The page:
Disposable Temporary Email Adresses with OpenSMTPD on Linux

This blogpost shows in simple steps how to configure an Ubuntu Linux 24.04 Server with OpenSMTPD to receive temporary disposable emails for account signups

This blogpost describes in very simple and easy to follow steps how to setup an ultra-cheap self-hosted solution for temporary email addresses. You can use these email addresses, for example, to sign up for various services, like facebook, instagram, reddit, protonmail and others.

This approach guarantees that the email addresses you use to signup are not blacklisted and reject your account creation, which is often the case with most public temp mail providers. It is a self-hosted alternative to larger services like temp-mail.org, which are constantly blacklisted.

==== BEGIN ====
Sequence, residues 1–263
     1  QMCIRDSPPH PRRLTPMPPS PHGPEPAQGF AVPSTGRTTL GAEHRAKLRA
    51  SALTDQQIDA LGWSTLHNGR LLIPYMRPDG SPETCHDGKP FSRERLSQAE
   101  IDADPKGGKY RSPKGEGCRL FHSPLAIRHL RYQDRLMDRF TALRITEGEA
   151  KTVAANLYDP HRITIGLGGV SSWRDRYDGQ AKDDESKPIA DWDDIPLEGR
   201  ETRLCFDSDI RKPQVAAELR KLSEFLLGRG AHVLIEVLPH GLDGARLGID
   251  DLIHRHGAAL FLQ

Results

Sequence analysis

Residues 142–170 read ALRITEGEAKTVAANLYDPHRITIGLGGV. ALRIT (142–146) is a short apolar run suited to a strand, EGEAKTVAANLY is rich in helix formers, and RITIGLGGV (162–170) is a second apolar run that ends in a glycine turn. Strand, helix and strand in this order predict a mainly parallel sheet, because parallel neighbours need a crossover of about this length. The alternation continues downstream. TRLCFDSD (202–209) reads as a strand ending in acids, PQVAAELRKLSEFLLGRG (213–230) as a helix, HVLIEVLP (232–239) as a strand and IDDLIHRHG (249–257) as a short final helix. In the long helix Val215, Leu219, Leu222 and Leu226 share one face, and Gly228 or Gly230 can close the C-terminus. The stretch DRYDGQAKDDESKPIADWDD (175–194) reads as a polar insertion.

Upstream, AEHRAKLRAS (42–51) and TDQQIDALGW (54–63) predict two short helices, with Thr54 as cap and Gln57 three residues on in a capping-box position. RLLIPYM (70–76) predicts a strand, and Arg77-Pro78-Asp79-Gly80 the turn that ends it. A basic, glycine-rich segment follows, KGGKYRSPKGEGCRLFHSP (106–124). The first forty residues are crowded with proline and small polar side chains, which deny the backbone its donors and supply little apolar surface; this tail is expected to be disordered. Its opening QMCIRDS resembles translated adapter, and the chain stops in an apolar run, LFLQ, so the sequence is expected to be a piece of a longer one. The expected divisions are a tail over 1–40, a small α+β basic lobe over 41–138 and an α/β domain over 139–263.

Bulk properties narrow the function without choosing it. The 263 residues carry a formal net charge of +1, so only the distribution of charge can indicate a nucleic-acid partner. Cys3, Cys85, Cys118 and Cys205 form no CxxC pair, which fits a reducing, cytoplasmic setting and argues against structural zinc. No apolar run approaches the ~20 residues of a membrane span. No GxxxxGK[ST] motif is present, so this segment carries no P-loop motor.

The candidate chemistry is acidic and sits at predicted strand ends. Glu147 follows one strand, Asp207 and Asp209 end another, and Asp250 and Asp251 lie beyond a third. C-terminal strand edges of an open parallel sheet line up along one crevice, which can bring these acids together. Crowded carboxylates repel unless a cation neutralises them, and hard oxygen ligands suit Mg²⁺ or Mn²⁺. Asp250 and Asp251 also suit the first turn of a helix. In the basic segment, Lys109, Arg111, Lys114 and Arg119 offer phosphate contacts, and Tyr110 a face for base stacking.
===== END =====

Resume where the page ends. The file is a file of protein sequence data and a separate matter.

For services that require receiving an SMS alongside an email address, we recommend the site sms-activate.org, which providers very cheap burner SMS numbers from most countries in the world (they did not sponsor this blogpost).

This article is written for people with little knowledge about Linux and hosting servers. All steps are described in great detail so that everyone can setup such a service. The cost for self-hosting a disposable email server is ten USD per year for a cheap domain (any top level domain is fine) as well as about four USD per month for the cheapest hetzner server. Any other hosting provider will do as well. You will need a public IPv4 address for this.



Table of contents





Creating an Ubuntu 24.04 Server for Receiving Disposable Temporary Emails